The Office of the United Nations High Commissioner for Refugees (UNHCR) has raised the alarm that refugees and migrants, many of them Nigerians, are taking more “diversified and dangerous journeys” to cross rough seas.
According to a News Agency of Nigeria (NAN) report, UNHCR Director of Europe Bureau, Vincent Cochetel, while releasing a new report “Desperate Journeys” on Monday in New York, said that they are relying on people-smugglers or using flimsy boats to cross rough seas to Europe.
He said that increased border restrictions and lack of accessible legal ways to reach Europe have caused more desperation among refugees and migrants.
“About 90 percent of them travelled by boat from Libya, and the top two nationalities of those arriving were Nigerians (21 per cent) and Eritreans (11 per cent).
“This route is particularly dangerous and in 2016 more deaths were recorded at sea than ever before.
“Furthermore, children making this journey are especially vulnerable, and the number of unaccompanied and separated children arriving is increasing.
“Last year more than 25,000 came, representing 14 percent of all new arrivals in Italy.
“Their number more than doubled compared to the previous year,” Cochetel warned.
He explained that the “closure” of the Western Balkan route and the EU-Turkey decision in March 2016, caused a drastic decrease in the number of people reaching Greece via the Eastern Mediterranean route.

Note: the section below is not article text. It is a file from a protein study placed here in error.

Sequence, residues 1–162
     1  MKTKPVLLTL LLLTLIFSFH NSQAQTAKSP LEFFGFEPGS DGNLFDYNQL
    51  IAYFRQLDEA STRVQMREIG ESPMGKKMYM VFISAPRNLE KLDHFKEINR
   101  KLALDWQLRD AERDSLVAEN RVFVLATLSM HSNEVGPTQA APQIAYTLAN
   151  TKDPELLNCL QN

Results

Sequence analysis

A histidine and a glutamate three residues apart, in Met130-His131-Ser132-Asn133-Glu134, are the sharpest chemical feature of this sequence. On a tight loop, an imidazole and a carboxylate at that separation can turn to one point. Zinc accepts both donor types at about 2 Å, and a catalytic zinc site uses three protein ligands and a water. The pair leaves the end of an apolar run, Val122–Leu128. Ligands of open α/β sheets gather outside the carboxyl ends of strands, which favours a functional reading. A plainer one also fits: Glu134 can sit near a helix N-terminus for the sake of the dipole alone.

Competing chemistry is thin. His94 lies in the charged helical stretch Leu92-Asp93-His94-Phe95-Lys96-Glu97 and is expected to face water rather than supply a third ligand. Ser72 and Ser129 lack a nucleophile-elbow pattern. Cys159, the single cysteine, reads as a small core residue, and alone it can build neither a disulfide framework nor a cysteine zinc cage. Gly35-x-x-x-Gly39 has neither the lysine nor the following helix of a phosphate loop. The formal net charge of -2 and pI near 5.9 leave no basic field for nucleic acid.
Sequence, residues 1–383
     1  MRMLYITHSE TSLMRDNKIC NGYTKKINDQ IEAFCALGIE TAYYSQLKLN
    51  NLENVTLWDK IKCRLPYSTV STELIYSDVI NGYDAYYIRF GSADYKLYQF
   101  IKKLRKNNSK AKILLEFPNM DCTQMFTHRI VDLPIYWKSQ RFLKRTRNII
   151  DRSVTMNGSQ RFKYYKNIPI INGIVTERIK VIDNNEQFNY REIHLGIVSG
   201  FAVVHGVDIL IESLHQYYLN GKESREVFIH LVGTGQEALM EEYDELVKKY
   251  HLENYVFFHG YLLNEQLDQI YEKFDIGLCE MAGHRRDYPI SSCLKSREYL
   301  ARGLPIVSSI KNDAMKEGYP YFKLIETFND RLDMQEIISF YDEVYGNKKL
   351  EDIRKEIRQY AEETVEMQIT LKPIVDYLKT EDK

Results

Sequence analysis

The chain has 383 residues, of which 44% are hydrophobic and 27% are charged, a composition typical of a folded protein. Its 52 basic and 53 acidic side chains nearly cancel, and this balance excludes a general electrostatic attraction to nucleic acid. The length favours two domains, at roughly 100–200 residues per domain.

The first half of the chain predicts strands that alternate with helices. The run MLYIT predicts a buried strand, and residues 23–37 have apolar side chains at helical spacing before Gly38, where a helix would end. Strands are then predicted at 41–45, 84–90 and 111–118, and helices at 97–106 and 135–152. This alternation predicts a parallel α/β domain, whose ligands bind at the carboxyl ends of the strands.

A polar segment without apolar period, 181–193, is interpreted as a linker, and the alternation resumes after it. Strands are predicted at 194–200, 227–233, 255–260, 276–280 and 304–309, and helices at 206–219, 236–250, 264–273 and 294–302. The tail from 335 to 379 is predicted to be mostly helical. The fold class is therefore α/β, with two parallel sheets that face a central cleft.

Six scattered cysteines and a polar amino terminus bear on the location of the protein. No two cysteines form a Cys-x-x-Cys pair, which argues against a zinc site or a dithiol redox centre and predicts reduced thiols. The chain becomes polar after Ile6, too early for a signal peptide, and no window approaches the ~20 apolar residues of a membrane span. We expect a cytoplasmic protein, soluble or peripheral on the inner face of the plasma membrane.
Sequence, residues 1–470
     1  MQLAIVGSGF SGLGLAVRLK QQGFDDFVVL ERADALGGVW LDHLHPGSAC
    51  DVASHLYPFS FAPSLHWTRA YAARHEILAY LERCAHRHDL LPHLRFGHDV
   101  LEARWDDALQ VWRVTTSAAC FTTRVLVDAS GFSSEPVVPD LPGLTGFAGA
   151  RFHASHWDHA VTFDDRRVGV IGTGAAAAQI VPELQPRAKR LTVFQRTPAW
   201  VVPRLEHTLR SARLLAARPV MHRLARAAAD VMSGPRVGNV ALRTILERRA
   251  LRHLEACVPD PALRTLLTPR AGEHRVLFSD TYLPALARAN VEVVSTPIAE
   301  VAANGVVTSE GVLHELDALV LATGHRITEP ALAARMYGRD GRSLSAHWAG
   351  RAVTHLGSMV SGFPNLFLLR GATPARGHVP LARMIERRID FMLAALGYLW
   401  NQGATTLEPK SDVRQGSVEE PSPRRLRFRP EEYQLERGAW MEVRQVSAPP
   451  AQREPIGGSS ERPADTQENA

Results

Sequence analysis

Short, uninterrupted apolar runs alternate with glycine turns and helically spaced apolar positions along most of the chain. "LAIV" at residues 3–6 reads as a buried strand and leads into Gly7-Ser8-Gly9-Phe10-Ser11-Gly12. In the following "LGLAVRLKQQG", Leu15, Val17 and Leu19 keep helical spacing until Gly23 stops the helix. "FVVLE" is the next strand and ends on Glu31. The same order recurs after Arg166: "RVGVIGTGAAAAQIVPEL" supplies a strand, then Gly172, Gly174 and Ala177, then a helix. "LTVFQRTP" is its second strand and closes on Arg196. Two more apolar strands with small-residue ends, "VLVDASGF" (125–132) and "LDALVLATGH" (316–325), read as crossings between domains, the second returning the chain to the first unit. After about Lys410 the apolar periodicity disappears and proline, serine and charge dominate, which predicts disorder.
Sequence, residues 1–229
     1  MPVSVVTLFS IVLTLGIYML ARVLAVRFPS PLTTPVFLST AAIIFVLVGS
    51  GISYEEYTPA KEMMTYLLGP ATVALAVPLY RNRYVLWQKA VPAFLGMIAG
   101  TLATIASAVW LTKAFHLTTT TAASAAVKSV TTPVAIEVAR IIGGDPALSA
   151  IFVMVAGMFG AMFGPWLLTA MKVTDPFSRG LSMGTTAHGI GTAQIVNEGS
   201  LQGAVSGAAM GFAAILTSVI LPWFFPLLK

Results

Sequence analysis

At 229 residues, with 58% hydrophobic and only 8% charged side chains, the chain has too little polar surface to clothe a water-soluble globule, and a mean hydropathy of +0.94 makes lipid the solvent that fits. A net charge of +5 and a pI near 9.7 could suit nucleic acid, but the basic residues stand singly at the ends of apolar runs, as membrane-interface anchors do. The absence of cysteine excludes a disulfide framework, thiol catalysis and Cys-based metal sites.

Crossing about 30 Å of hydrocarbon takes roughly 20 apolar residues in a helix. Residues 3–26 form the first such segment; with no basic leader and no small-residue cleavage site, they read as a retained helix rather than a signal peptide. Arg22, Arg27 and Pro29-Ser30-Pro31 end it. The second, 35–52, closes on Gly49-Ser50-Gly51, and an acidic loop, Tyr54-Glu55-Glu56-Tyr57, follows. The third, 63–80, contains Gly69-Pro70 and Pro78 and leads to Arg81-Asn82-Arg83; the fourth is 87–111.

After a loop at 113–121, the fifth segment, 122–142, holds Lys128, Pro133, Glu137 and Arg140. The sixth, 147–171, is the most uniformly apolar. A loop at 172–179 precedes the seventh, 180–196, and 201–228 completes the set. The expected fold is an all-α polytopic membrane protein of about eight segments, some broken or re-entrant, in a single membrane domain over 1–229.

“This report clearly shows that the lack of accessible and safe pathways leads refugees and migrants to take enormous risks while attempting to reach Europe, including those simply trying to join family members.
“However, since then, the Central Mediterranean route from North Africa to Italy becomes the primary entry point to Europe and arrival trends in Italy show that the primary nationalities who crossed to Greece had not switched in significant numbers to the Central Mediterranean route.
“In addition to drowning, migrants and refugees also risk being kidnapped, held against their will for several days, physical and sexual abuse, torture and extortion by smugglers and criminal gangs at several points along key routes,” he said.
The UN refugee agency pointed out that in 2016, some 181,436 arrived in Italy by sea in need of international protection, and also victims of trafficking and migrants seeking better lives.
The report also showed that in the last part of 2016, more people reached the continent through the Western Mediterranean route, either by crossing the sea to Spain from Morocco and Algeria or by entering the Spanish enclaves of Melilla and Ceuta.
Similarly, people continued to leave Turkey along the Eastern Mediterranean route from April onwards, but in much smaller numbers, it said.
Cochetel explained that most crossed the sea to Greece or Cyprus, others also crossed via land into the country or into Bulgaria.
He said, “Most who arrived by sea to Greece (87 per cent) came from the top ten refugee producing countries.
“This was also the case for those who continued to move along the Western Balkans route: in Serbia, for instance, 82 percent of those who arrived came from Afghanistan, Iraq and Syria and almost half are children – 20 percent of those unaccompanied.”
He said these numbers, however, have reduced since April 2016.
He said the study revealed that tens of thousands of people also have been reportedly pushed back by border authorities in Europe, including in Bulgaria, Croatia, Greece, Hungary, Serbia, Spain, and the former Yugoslav Republic of Macedonia.
The UNHCR also regretted that there were many cases of alleged violence and abuses in apparent efforts to deter further entry attempts.